“In fact, I tell our customers to ‘check your brain at the door because I will take care of everything.’”
On the dozen day trips, four short getaways and four extended trips that Our Gang takes every year, McCall provides muffins and coffee on their drive out of town and cookies on the way home.
“All gratuities are included. I don’t want them to worry about a thing,” she said.
McCall also has personal contacts that provide over-the-top perks for Our Gang. During that journey to the Ronald Reagan Library, she invited her friend Mitzi to tag along.
“Mitzi was Ronald and Nancy Reagan’s private chef. She told us stories about working for this fascinating couple, and as a result, she took an ordinary tour and made it extraordinary,” said McCall.
In New Orleans, McCall’s old hometown, where she was once a debutante, she took enthralled 80- and 90-year-old club members to Preservation Hall and the Royal Sonesta Hotel, where they enjoyed the best jazz the city has to offer and walked on Bourbon Street sipping martinis.
“One 90-year-old said to me that she hadn’t been this naughty since she was in her 20s. I would advise any bank director to take their group to a place they know well in order to do things that aren’t in the canned portion of the trip,” she said.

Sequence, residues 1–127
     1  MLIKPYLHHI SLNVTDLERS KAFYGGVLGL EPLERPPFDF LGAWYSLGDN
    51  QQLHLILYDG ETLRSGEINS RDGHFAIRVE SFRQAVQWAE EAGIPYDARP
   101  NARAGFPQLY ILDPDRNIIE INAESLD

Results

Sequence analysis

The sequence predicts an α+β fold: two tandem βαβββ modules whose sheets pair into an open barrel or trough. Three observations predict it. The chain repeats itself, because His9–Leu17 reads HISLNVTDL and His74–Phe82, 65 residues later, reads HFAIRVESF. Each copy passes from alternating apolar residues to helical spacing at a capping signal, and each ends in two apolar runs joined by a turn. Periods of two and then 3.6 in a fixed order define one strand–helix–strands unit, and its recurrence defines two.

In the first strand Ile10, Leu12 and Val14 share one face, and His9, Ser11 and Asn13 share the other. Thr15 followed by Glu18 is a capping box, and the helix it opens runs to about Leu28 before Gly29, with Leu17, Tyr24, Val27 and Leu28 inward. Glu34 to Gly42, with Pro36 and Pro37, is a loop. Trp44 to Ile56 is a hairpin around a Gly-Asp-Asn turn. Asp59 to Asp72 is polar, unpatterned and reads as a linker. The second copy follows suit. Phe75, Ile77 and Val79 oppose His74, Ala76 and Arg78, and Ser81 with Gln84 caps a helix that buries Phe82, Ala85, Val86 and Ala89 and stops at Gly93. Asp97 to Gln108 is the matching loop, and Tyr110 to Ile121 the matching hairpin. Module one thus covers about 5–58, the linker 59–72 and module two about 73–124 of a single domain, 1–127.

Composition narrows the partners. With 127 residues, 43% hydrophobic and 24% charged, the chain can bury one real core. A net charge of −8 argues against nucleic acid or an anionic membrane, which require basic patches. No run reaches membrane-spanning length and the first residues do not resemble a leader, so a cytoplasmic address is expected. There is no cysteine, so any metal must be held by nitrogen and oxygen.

An important bus bumper sticker
As trivial as it may sound, McCall maintains that it is imperative for bank directors to remember where they work. “Our whole purpose is to keep our members loyal and to grow their relationship with the bank,” she said.
Accordingly, she created a program called Banker on Board. On every Our Gang excursion, McCall invites a bank employee whose job responsibilities include wealth management. That employee — who is used to fielding customer questions like, “How should I invest my money?” and “How can the bank make more money for me?” — comes aboard the motorcoach, is introduced and welcomed.